Google has banned remarketing ads from Concordia Publishing House, the publishing company of the Lutheran Church Missouri Synod, because they mention “Jesus” and the “Bible.”
Carl Vehse brought this up in a comment, I saw CPH president Bruce Kintz’s tweet, and I read the Federalist article, but I had trouble believing it. Surely, this was just a mistake. But no. I contacted CPH and confirmed that it is true. In fact, CPH asked Google to review the decision twice, at different levels, and each time the ruling was the same. A Google representative helpfully said that if the company would remove the references to “Jesus” and the “Bible” on the website the ads could continue.
This refusal to allow any reference to religion–which must surely impact many more Christian organizations–applies to “personalized advertising.” In this case, the policy was triggered by “remarketing advertising” for CPH’s Vacation Bible School curriculum. Someone is searching for VBS material and goes to the CPH site to check out their offerings. Then the person goes to other publishers’ VBS sites. A “remarketing” ad would show up later to remind the customer of what was presented on the CPH site. That person had already chosen to go to the CPH site, so it’s hard to imagine that the potential customer looking for VBS curriculum would be offended to find religious references there.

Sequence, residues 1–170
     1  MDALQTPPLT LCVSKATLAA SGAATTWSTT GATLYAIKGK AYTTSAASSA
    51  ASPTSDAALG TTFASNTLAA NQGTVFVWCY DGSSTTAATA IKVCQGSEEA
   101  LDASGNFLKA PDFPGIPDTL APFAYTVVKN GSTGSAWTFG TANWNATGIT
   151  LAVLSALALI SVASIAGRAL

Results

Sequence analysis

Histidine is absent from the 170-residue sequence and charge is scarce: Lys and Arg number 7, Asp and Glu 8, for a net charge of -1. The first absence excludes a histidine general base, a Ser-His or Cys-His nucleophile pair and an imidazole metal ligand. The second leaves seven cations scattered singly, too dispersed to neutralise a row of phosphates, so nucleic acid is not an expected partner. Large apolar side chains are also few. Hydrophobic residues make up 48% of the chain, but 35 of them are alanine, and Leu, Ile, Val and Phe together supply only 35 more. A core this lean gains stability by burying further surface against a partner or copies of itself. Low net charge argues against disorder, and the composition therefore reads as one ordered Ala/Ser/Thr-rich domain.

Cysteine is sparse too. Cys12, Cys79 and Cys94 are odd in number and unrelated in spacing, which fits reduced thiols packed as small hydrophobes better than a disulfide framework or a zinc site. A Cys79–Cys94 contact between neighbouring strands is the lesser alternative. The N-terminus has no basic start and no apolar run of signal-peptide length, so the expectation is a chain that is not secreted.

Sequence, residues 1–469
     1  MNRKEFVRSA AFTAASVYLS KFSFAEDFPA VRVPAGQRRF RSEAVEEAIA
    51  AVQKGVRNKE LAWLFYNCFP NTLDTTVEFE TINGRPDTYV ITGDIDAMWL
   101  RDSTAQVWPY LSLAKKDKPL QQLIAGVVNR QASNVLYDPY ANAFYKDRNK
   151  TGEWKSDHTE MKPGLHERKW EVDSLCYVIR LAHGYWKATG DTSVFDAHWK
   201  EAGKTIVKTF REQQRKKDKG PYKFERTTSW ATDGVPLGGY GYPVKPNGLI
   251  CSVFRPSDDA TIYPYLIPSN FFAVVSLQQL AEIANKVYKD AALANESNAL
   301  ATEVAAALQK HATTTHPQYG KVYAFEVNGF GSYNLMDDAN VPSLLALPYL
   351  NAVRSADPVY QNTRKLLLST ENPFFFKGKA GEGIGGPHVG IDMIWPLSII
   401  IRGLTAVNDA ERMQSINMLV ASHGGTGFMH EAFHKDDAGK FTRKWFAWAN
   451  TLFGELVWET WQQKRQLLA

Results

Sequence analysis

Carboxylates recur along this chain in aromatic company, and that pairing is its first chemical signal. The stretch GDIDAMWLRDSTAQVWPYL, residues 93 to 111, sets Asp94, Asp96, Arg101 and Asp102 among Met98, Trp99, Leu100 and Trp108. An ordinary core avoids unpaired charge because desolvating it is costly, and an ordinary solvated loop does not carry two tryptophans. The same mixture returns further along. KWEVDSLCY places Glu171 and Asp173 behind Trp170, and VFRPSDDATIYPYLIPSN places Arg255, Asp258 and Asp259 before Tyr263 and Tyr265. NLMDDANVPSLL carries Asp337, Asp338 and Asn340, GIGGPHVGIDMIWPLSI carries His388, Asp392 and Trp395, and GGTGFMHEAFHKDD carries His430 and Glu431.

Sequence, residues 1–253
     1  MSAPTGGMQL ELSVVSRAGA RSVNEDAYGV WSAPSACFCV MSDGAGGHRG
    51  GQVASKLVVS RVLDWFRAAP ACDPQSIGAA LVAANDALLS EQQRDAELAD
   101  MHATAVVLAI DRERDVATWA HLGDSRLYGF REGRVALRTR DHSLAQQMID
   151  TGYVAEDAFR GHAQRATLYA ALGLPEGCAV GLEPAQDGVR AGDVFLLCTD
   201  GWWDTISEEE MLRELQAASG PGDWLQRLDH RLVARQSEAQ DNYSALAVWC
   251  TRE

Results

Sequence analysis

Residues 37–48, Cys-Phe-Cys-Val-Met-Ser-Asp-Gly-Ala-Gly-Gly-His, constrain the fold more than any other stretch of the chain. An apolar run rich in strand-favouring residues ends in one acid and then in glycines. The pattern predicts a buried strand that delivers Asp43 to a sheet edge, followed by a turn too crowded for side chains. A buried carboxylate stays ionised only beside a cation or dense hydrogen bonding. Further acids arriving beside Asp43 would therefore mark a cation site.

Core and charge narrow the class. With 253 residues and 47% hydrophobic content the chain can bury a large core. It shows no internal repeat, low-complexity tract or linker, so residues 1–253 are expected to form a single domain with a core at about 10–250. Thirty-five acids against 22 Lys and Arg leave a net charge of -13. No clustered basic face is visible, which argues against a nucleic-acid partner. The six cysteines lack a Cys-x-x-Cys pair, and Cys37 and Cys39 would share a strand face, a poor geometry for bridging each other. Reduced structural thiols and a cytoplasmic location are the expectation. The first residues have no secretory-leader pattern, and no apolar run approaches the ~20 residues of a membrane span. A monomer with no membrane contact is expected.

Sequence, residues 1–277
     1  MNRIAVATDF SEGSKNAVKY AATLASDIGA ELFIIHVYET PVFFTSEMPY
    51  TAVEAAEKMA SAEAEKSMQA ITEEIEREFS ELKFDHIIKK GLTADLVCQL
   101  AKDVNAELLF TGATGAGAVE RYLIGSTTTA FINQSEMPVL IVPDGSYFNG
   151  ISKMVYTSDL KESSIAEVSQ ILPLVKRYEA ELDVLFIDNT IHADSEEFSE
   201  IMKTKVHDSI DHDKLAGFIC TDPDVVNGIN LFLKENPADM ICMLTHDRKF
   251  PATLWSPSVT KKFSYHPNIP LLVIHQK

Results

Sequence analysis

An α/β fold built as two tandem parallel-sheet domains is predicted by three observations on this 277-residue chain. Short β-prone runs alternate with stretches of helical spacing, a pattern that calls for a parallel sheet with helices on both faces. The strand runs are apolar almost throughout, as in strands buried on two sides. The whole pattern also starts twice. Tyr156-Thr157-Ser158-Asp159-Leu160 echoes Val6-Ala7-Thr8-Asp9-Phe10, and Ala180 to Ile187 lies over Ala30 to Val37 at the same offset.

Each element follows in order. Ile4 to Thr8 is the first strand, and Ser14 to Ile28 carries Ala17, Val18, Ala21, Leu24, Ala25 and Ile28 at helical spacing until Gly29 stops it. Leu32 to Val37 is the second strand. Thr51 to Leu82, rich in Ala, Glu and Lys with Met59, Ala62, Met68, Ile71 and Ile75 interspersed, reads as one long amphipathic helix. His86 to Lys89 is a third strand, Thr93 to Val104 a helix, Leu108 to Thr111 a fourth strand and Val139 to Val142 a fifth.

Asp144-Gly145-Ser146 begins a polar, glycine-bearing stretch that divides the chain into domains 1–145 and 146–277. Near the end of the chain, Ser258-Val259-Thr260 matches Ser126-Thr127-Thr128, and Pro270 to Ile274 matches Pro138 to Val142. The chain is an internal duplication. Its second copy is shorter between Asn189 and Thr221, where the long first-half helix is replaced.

Go here for the offending site, if you dare, and if you are sure you won’t be offended. Notice that you have to dig pretty deep, including opening .pdf files, to find the Jesus references and the Bible verses.
Here is the press release from CPH that tells the tale:
Concordia Publishing House Responds to Google Disabling of Faith-Based Advertising
Concordia Publishing House was informed on Monday that all CPH remarketing ads were “disabled due to a violation of Google’s policy for advertising based on interests and location.”
Remarketing ads reach out to individuals who have made a decision to visit a CPH webpage. Google defines this as showing “ads to people who’ve visited your website or used your mobile app. When people leave your website without buying anything, for example, remarketing helps you reconnect with them by showing relevant ads across their different devices.”